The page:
December 9, 2014
Any rocket needs a great deal of force to push off the surface of the earth. And when I think about the spectrum of my clinical practice, all my kids with movement challenges have difficulty has difficulty accomplishing this same task. They are like a rocket without enough fuel – they have difficulty pushing off the surface in any position. We call this a generating a ground reaction force. And without this force, compensations will be required to keep from crashing back to earth. In sitting, I see my clients collapsed into a slumped posture, holding their head up with their hands, wrapping their feet around the legs of the desk, constantly changing position looking for a new stabilization strategy. Even if I ask them to place their feet on the ground, they can only manage it for a very short time. In standing they hyperextend their knees, collapse into hip and knee flexion, internally rotate at their hips and collapse at the medial arches of their feet. I’m sure you can identify more biomechanical compensations you see when your clients are trying to stay upright against gravity.
But what might be the difficulty with the generation of a ground reaction force? Well as usual, there may be more than one system involved.
The vestibular component: The powerful vestibular system serves to stabilize our gaze but it also a large impact on our postural control, by virtue of its input to the postural tone of the anti-gravity extensors of the trunk, it’s impact on the development of anti-gravity flexion and its involvement in our postural adjustments. Dysfunction in registration or processing of vestibular input can manifest in decreased vestibular input to anti-gravity muscle tone, central stability and/or postural adjustments (1).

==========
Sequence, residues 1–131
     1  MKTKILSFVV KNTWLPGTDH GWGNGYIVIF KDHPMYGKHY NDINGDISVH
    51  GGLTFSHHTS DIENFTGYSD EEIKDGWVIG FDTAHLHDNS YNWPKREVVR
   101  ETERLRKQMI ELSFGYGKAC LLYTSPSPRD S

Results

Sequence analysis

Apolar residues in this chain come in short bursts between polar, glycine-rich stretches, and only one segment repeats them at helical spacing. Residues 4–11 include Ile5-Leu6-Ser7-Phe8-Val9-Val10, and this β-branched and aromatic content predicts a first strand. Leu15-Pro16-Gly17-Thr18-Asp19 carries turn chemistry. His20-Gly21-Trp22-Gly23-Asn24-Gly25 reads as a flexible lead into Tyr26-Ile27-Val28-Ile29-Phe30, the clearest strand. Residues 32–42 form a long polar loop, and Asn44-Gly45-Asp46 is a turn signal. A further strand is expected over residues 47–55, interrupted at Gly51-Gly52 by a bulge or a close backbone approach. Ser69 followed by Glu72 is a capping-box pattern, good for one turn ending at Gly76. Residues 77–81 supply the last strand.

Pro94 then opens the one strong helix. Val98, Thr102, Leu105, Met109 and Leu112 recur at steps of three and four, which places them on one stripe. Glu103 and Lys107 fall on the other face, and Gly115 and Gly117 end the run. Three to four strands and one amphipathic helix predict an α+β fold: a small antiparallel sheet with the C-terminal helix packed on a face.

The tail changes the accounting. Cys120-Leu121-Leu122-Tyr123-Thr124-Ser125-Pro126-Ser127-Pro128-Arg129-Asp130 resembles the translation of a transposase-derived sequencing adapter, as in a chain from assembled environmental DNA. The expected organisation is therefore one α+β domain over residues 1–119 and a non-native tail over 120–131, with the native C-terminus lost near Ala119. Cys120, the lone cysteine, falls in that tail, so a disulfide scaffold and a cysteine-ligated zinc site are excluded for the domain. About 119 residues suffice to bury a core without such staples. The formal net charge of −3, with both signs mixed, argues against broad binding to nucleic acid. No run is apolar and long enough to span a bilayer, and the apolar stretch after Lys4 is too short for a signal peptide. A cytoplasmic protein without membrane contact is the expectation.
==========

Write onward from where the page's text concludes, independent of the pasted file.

The proprioceptive component: This system allows us to make sense of our own body, its position and our movement in space (2). When it is working well we sense the resistance from the floor in our joints and muscles and we “push back” against it. And yes, it’s intimately connected with the vestibular system (3).
The musculoskeletal component: Our muscles clearly create output for pushing against the surface. Alignment affects how available the muscles are for activation. Keep in mind however, that they are an output and outputs are organized only after sensory input gives us enough information so our brain can figure out what should happen.
The central stability component: The pressure that is generated in our trunk in coordination with the inner core muscles contributes to the stability of our spine and pelvis and has a great deal to do with staying upright against gravity and stable in midline (4). It also positively influences the output of distal muscles (5). (You can observe this in children with low tone. As their central stability improves, there is a definite decrease in knee hyperextension and collapse of the arches of the feet.)
The next time you see a child who seems to be struggling to push off the surface, take time to assess each of these components and see where the child might benefit from input. That input could be crucial to their ability to develop ground control.
Here is a favourite preparatory treatment activity of mine. It combines alignment and activation of the inner core team using breathing with heavy resistance at both the upper and lower extremities. Lots of layers incorporated here.
This post was written for PediStaff, a great resource for therapists. You can find them at www.pediastaff.com.
1. Christy JB, Payne J, Azuero A, Formby C. Reliability and diagnostic accuracy of clinical tests of vestibular function for children. Ped Phys Ther. 2014; 26:180-190.
2. Yack E, Sutton S, Aquilla P. Building Bridges Through Sensory Integration. Future Horizons Inc. Arlington, Texas. 2002.
3. Barthel K. Evidence and Art. Merging Forces in Pediatric Therapy. Labyrinth Journeys. Victoria, BC. 2004.
4. Evidence Based Core Stability For Children With Challenges: Part 1 and 2. Mannell S, Wiebe JW. Section on Pediatrics Education Session, APTA Combined Sections Meeting, San Diego, CA. Feb 2013.
5. Hodges PW, Gandevia SC. Changes in intra-abdominal pressure during postural and respiratory actions of the diaphragm. J of App Physiol. 2000; 89(3); 967-76.